On March 16, 2011, my instructor Pat Nakata Sensei was invited to teach a class on sai basics at the Halawa District Park Gym during Charles Goodin Sensei's karate class. This was a continuation of our “training abroad” due to our dojo being refloored at the time. Just like the takedown session with Angel Lemus Sensei, this was not considered one of our usual Kenkyukai training sessions held once every two months, but it was open to all Hawaii Kenkyukai members.

Nakata Sensei heads the Okinawa Shorin Ryu Karate Association (OSKA) in Hawaii, teaching the Shorin Ryu karate he learned from Chibana Chosin Sensei. He also teaches the Ryukyu Kobudo he learned from Fumio Nagaishi Sensei (Ryukyu Kobudo Hozon Shinkokai Hawaii) and the kobudo he learned from Kyan Shinei Sensei, through Nagaishi Sensei.

The skill and sai familiarity level of all the participants was varied during this session. Along with Goodin Sensei’s students, there was George Drago, Alan Lee Sensei with two of his students, and from our OSKA group there was Alan Yokota, Roy Rivera, Harold Hamada, Grant Kawasaki, and myself. After a brief introduction, Nakata Sensei began running the class through the sai no kihon keiko, or “sai basic practice”. This was part of the curriculum he learned from Kyan Shinei Sensei, who learned the bo and sai from Kina Shosei Sensei. Kina Sensei in turn was a student of Kanagusuku Sanda “Ufuchiku” Sensei.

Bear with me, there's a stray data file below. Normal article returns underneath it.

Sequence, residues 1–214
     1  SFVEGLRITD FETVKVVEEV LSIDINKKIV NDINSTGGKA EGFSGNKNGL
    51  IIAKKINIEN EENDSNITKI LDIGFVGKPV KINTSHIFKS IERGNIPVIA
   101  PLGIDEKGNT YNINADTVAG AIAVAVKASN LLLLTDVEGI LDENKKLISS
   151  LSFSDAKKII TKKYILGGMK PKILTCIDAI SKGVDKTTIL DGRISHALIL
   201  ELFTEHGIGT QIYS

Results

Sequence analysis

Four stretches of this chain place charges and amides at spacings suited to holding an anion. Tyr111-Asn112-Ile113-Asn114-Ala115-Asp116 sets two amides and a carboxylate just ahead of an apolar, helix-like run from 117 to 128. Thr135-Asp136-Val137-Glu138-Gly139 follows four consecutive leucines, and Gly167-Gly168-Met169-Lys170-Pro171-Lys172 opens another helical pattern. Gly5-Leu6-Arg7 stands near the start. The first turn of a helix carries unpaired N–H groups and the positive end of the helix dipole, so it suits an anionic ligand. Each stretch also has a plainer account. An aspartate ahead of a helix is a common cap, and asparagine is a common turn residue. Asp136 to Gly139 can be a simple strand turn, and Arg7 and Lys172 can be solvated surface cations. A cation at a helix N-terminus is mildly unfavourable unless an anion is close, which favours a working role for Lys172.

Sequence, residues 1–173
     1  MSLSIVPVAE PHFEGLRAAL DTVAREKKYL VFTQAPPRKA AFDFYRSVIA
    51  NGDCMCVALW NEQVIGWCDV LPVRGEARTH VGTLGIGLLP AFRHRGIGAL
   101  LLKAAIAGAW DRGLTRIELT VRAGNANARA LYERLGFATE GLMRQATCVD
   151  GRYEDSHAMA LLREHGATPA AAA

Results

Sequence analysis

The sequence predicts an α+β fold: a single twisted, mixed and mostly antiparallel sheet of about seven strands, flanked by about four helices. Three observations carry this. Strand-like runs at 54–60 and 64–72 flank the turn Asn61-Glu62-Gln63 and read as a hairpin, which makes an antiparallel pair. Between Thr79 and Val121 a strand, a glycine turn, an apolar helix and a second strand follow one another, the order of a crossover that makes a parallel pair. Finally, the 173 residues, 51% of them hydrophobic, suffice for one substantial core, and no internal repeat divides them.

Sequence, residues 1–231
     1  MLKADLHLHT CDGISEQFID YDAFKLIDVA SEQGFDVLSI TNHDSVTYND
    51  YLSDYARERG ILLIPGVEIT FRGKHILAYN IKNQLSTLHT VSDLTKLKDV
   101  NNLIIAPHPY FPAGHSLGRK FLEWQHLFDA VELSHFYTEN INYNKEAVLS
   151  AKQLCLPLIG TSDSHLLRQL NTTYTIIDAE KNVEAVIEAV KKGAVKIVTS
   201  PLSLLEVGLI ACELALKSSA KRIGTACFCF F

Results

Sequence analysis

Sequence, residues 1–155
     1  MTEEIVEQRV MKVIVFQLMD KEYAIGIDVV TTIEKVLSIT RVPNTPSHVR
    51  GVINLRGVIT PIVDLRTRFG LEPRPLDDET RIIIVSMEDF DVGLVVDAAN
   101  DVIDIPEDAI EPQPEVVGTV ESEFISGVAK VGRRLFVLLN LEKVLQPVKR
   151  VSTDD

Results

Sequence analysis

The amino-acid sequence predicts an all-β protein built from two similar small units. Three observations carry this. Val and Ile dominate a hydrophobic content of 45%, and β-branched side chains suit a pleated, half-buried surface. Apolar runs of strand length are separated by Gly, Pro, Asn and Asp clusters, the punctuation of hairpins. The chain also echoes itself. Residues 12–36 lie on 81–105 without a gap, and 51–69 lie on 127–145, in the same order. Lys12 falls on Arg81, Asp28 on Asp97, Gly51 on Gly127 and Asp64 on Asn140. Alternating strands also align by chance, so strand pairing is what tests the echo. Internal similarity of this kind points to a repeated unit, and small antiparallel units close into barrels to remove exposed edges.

The basics are composed of various single and double strikes, alternating left and right hands, with and without stepping. Nakata Sensei started off by having everyone follow along for a few sets of techniques, then allowed for a short break, after which everyone followed along for the same techniques again with a few more added in. This pattern continued until before we all knew it, the entire class was fairly familiar with the sai basics, which consists of 20 different sets. The breaks were welcome not only because they enabled everyone to let things “sink in”, but also because that much sai work is a pretty hefty workout, even for those of us that are used to doing them. From what Nakata Sensei says, Kyan Sensei was a big proponent of conditioning and basics, which is exactly what this kind of training offers.